Though NCDHHS said it would be updating COVID guidelines for students, the only major updates in the toolkit were to eliminate contact tracing for K-12 and end the recommendation that students who were asymptomatic quarantine.
"This failure by Governor Cooper and DHHS to roll back obsolete mask mandates will mean that many schools will leave those mandates in place," Moore said. "Yesterday's updates were simply not strong enough. We must do more to protect our children from further learning setbacks and the other consequences of keeping these mandates in place."
He added: "As soon as redistricting is completed, we will be advancing legislation in the House to give parents the ability to opt-out of mask requirement. Virginia is already advancing a bipartisan bill just like this. It is parents, not politicians, who should decide whether or not to mask their children."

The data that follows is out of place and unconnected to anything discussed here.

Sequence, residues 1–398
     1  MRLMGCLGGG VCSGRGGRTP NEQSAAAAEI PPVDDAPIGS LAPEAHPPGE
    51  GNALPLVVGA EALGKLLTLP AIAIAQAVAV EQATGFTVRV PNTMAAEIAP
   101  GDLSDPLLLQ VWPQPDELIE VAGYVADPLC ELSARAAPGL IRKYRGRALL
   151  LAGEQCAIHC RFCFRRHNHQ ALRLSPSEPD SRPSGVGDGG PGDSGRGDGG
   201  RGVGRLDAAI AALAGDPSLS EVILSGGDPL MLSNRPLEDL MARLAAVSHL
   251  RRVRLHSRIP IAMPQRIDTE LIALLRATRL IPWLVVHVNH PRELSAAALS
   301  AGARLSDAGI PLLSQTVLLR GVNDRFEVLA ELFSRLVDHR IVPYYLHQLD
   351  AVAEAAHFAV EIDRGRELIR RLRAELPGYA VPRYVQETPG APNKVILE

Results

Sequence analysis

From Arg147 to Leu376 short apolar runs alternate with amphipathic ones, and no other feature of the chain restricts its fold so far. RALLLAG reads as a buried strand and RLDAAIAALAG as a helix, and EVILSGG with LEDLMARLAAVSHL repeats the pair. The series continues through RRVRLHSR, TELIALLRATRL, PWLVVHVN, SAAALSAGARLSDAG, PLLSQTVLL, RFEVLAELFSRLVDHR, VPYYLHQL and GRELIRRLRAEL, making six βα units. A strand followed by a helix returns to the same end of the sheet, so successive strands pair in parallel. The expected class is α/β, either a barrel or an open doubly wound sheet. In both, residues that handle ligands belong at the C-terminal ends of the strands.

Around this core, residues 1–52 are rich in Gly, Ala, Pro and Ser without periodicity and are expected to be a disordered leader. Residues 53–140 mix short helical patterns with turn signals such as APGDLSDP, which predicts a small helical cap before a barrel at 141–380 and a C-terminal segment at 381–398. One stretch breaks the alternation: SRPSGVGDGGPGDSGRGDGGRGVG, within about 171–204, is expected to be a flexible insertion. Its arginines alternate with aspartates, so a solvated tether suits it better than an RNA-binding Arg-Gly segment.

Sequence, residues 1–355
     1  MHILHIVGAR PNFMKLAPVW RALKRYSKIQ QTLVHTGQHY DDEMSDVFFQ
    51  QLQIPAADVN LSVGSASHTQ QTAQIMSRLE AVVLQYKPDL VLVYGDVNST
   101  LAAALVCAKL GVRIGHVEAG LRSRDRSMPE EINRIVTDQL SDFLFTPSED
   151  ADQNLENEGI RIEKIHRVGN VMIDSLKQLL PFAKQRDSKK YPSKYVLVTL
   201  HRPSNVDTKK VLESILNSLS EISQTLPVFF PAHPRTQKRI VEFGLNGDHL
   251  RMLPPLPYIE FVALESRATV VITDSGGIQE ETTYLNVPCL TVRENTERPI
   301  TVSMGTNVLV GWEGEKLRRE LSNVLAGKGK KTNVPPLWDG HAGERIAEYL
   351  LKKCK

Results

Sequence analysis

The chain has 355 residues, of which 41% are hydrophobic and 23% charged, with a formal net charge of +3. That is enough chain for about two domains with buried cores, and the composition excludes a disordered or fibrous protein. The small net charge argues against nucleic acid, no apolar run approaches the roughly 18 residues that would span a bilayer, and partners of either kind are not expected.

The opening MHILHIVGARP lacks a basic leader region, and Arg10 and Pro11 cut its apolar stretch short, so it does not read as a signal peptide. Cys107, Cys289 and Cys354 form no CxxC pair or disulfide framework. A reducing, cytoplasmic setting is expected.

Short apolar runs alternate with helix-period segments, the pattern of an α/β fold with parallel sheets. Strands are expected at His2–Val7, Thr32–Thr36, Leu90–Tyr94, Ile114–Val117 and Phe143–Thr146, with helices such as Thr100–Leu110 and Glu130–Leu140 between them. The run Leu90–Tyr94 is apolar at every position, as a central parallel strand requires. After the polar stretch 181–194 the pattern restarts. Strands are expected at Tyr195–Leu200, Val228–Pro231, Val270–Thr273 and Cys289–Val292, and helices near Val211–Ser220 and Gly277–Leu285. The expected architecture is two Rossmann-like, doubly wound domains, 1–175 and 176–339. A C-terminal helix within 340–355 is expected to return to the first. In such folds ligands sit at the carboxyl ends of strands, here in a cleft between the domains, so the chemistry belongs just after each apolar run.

NCDHHS reported 7,539 new cases for a total of 2,525,734 since the start of the pandemic.
There are three times fewer cases than two Fridays ago, more indication that the Omicron variant is running its course here in North Carolina.
The daily percent positive is the lowest since Christmas.
The latest figure is 15.4%. Just two weeks ago, it was 30.4%.
Hospitalizations also fell, with 130 fewer patients than the previous day. The total number is 3,556. A week ago, there were 4,492 in the hospital.
That's a 21% drop since last Friday and the lowest number of patients since Jan. 6.
There were 85 new deaths reported for a total of 21,665.